The highlight of this page is a checklist of suggested tasks. Each task has primary and secondary actions, helping users learn the product and discover additional value even after the item has been completed. We split tested different combinations and orders of tasks which helped us identify UX improvements and the best arrangement.

A toggleable section below the checklist promotes more advanced features that might not be obvious from the main dashboard and navigation. This is collapsed by default and auto-expanded once more than half of the initial tasks are completed. Together the “get started” and “explore more” solutions led to increased average usage of every core feature during trials.

One small detail I defended was the date we‘d take their first payment. We had no billing reminder emails at the time. This problem contributed to unnecessarily high churn in months 1–3 when lapsed users would notice charges, complain to our customer support, and request refunds or file chargebacks. Providing more transparency with this one line reduced the number of unhappy trialists and work for our support and finance teams.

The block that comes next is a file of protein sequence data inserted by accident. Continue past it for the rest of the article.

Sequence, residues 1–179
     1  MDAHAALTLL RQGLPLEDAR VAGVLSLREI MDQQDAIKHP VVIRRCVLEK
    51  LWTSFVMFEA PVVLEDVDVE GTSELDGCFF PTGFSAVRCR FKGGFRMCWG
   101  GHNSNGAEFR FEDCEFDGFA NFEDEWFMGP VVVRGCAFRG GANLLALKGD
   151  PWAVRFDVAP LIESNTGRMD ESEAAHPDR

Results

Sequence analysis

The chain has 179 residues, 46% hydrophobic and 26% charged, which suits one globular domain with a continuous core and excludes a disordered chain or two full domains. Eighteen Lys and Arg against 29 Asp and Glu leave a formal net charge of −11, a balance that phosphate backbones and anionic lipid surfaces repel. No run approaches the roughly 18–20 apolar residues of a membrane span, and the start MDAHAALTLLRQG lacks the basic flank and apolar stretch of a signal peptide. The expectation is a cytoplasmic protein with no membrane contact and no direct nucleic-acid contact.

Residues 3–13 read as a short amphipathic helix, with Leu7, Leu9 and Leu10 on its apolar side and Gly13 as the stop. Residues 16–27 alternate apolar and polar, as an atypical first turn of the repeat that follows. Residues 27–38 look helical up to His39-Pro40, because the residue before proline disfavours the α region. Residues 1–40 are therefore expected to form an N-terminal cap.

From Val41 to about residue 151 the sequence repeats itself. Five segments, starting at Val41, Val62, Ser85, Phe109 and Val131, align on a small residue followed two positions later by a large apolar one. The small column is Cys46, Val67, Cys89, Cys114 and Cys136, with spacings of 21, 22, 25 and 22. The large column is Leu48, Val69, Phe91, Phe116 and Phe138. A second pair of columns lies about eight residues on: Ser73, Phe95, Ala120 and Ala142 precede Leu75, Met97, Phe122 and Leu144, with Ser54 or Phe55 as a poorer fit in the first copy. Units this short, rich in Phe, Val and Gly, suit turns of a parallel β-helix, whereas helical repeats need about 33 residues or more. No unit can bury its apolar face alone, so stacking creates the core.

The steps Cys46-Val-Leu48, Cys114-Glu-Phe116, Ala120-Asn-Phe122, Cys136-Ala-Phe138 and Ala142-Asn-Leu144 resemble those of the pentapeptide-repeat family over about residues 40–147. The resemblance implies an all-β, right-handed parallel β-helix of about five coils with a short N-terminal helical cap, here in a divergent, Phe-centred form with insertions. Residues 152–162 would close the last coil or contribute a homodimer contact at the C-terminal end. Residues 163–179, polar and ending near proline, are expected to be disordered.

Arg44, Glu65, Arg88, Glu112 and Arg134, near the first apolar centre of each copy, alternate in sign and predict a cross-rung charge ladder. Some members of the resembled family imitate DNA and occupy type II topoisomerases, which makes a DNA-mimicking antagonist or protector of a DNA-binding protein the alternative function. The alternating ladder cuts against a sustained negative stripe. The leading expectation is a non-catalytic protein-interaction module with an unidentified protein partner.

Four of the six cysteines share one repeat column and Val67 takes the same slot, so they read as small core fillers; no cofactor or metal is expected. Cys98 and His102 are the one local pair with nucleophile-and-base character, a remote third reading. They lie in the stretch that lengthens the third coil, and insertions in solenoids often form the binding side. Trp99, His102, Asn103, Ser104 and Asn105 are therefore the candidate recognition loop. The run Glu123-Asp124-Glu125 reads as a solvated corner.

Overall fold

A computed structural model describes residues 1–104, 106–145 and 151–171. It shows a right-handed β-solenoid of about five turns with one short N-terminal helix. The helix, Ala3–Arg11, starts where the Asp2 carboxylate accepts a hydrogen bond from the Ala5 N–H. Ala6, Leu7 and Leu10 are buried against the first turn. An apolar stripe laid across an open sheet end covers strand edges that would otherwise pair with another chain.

Trial dashboard with collapsed and expanded “explore more” section; early sketches and wireframes

Global trial popover

Having the onboarding task checklist on the dashboard was a good start but I wanted to also make it available from any page in the app. This allowed us to automatically open it at key moments, like immediately after a user has completed a task, to reduce the chance of them getting stuck or losing momentum.

An example of this is shown at the end of the wizard flow above. In that case, the popover appears when the user has either stayed on the page a certain amount of time or scrolled through a certain percentage of the page.

Explorations of placement and visual design for the trial menu item; performance issues were a constraint in displaying dynamic progress on the top-level menu
Early sketches of the trial popover element compared with the final design

The Drawer

It was impossible to think about the short period a user spends in trial without also considering the extended time they need to become truly familiar with a product. We don’t want all of the help and guidance to disappear just because they’ve started paying us. I dubbed this the “Day 8 Problem.”